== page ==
Following the sale of The Great British Bake Off from Love Productions to Channel 4 many GBBO fans have asked me whether or not the BBC can legally produce a copycat show and if Channel 4 have just paid £75 million for a tent.
With the news that first presenters Mel Giedroyc and Sue Perkins and now Mary Berry will not be following the move of channels, we will look at exactly what it is that Channel 4 have bought with their purchase of the GBBO format from Love Productions.
What is a TV Format?
A TV format is the original concept for a TV show. It is the look and feel of the show and the ideas behind its creation.
Typically the format of a TV show is considered a valuable piece of intellectual property, often sold to other networks for vast sums. Usually, it would be expected that TV formats are protected by copyright like how music or artwork would be.
The name of the show “The Great British Bake Off” is a UK registered trademark owned by Love Productions Limited. The rights to use this trademark will have been granted by Love Productions to Channel 4 as part of the new contract to host the show.
Any use of the name by another broadcaster or network will only be permitted by Love Productions under license and any unauthorised use would provide Love Productions Limited with a clear right to sue for breach of intellectual property rights. Also, it is to be expected, that Channel 4 will have secured UK exclusivity to the use of the trademark for the purpose of the show.
Why is it Difficult to Protect a TV Format?
Courts have traditionally taken the view that television formats, are simply ‘ideas’, and it is established in law that copyright cannot protect an idea.
The presenter of the show Opportunity Knocks, Hughie Green, was denied protection under English Copyright Law in 1989 where the court held the view that the format of Opportunity Knocks was merely an ‘idea’ for a game show and as such, was not protected by English Copyright Law.
This case is to this day often cited in UK courts. This shows how hard it is to protect a TV format under English Copyright Law despite the establishment of the Format Recognition and Protection Association (FRAPA), an international organisation dedicated to supporting the protection of formats.
FRAPA believe formats should be protected by copyright.
The case for protection may vary depending on the level of investment and creativity that has been applied to the development of such format.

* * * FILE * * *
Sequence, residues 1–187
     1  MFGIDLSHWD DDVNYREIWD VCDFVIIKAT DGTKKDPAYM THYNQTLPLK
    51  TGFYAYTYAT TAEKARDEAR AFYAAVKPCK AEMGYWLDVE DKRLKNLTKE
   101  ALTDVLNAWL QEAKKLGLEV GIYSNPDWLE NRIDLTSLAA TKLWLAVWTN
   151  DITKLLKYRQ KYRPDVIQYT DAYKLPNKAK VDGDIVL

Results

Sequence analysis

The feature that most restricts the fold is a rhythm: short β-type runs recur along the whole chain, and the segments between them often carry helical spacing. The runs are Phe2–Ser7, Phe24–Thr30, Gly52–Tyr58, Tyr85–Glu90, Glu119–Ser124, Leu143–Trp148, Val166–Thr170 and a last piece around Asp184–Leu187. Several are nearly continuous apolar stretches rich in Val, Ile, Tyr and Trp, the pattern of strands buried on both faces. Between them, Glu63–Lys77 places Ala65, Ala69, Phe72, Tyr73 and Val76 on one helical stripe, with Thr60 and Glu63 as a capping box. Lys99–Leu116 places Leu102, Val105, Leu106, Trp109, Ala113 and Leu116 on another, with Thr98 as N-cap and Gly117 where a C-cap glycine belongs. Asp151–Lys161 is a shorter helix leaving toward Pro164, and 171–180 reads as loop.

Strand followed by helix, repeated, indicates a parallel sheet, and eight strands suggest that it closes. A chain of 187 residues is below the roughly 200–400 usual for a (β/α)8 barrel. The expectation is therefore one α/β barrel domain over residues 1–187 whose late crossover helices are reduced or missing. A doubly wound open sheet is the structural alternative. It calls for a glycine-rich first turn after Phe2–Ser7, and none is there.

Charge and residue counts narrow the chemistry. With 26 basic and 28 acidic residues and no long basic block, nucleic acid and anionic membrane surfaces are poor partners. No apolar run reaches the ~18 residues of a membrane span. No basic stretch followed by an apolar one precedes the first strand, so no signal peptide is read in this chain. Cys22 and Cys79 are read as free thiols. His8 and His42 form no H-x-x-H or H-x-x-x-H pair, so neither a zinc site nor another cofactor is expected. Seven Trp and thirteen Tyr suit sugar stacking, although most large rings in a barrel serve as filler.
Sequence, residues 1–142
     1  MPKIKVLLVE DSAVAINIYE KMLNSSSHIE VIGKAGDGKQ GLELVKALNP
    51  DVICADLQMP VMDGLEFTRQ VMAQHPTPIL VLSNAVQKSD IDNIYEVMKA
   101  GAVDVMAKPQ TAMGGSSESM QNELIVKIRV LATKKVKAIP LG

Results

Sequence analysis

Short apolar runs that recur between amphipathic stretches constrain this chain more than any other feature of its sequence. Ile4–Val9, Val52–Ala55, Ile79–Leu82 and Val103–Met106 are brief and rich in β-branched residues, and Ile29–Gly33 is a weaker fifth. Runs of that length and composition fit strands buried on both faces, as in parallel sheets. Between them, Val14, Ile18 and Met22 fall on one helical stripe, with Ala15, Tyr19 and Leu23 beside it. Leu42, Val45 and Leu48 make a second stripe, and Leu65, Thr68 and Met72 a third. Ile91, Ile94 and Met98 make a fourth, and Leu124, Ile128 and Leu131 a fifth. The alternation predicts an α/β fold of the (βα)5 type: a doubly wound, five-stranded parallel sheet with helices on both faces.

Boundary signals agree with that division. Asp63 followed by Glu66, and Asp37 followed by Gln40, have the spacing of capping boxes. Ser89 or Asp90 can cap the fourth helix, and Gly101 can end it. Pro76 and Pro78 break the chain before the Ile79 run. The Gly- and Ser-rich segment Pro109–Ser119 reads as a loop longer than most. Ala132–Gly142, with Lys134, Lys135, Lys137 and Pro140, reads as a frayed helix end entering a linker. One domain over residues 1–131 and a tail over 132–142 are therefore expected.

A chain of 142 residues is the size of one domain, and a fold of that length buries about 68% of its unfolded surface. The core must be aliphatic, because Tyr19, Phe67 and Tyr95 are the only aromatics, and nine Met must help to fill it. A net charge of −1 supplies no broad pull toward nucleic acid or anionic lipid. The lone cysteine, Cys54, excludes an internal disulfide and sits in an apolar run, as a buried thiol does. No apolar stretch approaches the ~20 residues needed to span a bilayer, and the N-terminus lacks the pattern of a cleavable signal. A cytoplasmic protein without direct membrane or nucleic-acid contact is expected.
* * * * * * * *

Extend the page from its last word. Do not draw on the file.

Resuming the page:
It would appear fair to suggest the creators and investors of a format, having often invested significant cost and time in its development, should be entitled to intellectual property protection. However, the courts at present, do not agree.
What’s Next For Baking on The BBC?
Despite having the loyalty of Mary Berry the BBC are unlikely to reproduce the GBBO format.
It is likely that the contract entered into between the BBC and the production company contains contractual restrictions which prevent the BBC from competing with the format of the baking show in the event of termination or expiry. Any breach of such restrictions by the BBC would result in significant financial or reputational consequences.
Similarly, it is likely that legal remedies of “passing off” would be available to Channel 4 if BBC attempted to copy or replicate the format of the GBBO.
The BBC could potentially use a similar format; however, this would run the risk of plagiarism and a potential costly legal battle with both the production company and with Channel 4 on the grounds set out above.
Fiona Harte is a business advisory lawyer and specialist media and entertainment lawyer at Slater and Gordon in London.
Slater and Gordon Lawyers provide legal advice on intellectual property infringements and help businesses to identify, develop, protect, manage and exploit intellectual property. Call our experts on freephone 0800 223 0776 or contact us online.